Many people in the crowd grew angry with Drayer’s statements and voiced their disapproval.
Shouts of “what about rape vitcims?” and “how can you do this?” came from the crowd as Drayer continued to speak. For students who asked to speak, Drayer had them speak into his microphone.
Many questioned the legitimacy of Drayer’s arguments, while others were more aggressive, with one student even saying, “you should’ve been aborted because you’re a f****** idiot.”
“It’s supposed to be more conversational, not so loud,” Drayer said. “People speak out in very vocal ways, so I’m not very surprised by [the shouting].”
A student stomped on one of the anti-abortion protestor’s signs and spat on it as he walked away. Police apprehended the man but he was not arrested. Mark Harrington, executive director of Created Equal, discussed the incident with the student. The student apologized to Harrington and the two shook hands.
“If there’s remorse and they apologize, we don’t press charges,” Harrington said.
In previous years when the Genocide Awareness Project (GAP) brought similar displays to campus, there was controversy over the group calling abortion “genocide.” Last year, GAP brought its displays to campus on Holocaust Remembrance Day.
While this year the display still fell on Holocaust Remembrance Day, Created Equal did not refer to abortion as genocide. Lauria and Drayer also said the coinciding date was a coincidence and they were unaware Thursday was Holocaust Remembrance Day.
Many students showed up to voice their opinions on the issue and a few clubs used the large crowd to their advantage. UB Pastafarians even handed out free candy, holding a sign that said “Candy or not, we give you the choice.”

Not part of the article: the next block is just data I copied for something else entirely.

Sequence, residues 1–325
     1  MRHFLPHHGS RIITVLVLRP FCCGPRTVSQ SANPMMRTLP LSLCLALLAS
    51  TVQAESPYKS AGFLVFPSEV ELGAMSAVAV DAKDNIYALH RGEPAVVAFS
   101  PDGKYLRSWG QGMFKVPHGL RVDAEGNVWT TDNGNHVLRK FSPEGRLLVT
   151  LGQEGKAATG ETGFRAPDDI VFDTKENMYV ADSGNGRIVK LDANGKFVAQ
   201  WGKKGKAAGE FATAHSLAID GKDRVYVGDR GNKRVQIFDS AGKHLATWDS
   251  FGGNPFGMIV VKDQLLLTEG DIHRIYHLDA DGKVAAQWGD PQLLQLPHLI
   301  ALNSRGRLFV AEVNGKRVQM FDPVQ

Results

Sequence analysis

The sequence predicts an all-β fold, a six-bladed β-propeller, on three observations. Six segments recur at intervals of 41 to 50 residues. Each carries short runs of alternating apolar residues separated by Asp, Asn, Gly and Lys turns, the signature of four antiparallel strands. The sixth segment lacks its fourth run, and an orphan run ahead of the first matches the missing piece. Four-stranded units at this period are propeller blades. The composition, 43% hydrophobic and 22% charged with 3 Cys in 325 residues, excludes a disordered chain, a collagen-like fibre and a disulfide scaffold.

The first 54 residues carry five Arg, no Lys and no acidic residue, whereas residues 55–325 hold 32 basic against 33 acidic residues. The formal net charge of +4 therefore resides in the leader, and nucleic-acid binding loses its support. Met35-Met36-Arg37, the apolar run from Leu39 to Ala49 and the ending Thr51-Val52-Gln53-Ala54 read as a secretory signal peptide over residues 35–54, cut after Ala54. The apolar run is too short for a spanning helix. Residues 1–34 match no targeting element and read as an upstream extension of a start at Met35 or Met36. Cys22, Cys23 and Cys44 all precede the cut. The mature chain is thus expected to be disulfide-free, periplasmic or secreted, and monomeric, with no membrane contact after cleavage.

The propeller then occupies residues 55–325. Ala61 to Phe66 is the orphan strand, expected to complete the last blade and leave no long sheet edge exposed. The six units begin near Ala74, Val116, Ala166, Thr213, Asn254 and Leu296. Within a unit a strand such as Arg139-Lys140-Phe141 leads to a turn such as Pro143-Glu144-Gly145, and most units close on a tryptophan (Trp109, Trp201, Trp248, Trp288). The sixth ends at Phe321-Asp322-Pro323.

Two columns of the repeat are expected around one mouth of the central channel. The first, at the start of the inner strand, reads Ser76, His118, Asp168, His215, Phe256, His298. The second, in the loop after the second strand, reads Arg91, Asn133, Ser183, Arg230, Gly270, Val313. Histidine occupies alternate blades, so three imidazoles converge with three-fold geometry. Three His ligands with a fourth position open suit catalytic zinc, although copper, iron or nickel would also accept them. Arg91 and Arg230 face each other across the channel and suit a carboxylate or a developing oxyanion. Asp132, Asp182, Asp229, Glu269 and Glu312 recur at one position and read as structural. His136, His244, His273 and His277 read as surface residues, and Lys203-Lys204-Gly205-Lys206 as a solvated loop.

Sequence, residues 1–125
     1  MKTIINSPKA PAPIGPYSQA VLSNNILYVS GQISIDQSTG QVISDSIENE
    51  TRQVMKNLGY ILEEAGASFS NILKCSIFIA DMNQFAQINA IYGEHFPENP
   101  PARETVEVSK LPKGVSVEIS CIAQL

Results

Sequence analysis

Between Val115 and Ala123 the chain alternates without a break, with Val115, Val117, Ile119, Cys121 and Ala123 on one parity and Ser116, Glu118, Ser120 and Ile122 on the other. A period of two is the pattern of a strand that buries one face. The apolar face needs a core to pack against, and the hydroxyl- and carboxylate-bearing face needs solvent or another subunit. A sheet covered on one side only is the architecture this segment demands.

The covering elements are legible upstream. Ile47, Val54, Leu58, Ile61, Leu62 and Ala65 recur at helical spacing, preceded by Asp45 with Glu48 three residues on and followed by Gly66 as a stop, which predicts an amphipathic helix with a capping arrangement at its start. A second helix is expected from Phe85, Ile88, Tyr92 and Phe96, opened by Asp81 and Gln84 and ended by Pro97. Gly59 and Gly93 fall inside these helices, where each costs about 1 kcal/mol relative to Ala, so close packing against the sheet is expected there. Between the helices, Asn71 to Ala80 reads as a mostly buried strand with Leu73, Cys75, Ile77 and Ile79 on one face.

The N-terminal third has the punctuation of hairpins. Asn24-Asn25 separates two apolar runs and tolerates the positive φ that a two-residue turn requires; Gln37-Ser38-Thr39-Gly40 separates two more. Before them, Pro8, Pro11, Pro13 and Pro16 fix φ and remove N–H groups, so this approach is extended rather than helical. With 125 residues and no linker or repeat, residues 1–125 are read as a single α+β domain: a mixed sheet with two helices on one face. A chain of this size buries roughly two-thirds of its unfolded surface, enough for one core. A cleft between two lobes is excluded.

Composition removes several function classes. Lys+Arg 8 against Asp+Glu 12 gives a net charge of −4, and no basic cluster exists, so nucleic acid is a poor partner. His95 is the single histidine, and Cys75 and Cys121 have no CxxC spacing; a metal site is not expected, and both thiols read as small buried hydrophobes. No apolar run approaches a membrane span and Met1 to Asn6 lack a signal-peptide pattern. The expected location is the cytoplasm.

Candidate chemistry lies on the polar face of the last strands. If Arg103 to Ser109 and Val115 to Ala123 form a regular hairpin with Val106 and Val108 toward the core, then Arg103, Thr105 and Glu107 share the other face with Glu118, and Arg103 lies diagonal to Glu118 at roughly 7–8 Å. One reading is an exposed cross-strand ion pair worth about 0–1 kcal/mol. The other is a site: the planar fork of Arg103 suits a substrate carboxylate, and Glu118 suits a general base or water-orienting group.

“We got word that UB Students for Life would be having their annual display, and since it has been controversial, and drew a lot of people in the past we figured we could piggyback on it to tell hundreds of students about our club,” said Jonathan Sessler, president of UB Pastafarians and a senior biological sciences major.
Other clubs like Outdoor Adventure Club, UB Improv and Pagan SA drew attention away from the photos and videos by advertising their upcoming events.
Some students held up comedic signs, such as “honk if you’re horny” and “Bring Back Crystal Pepsi.” At one point, a group of students were chanting “we want Pepsi” over Drayer’s speech.
Lauria said she respected the rights of other groups to express themselves publicly.
Created Equal focuses on colleges because they’re a “marketplace of ideas,” said Josh Bertsch, director of special projects.
The group had previously gone to several colleges in Florida in March and Ohio State and University of Albany this month. While they don’t always use the Jumbotron, they said it can be much more effective than pictures alone.
“Pictures are worth a thousand words, but a video is worth a million,” said Jami Beer, director of campus outreach for Created Equal.
This was the first year videos of abortions were shown as part of the Student for Life’s display. This is the third year the group has brought similar displays to campus.
“It was a bit difficult to take [the anti-abortion protestors] seriously because of the nature of the images they used but I guess they did achieve something because they got people talking,” Erway said.
Daniel McKeon is a features editor and can be reached at firstname.lastname@example.org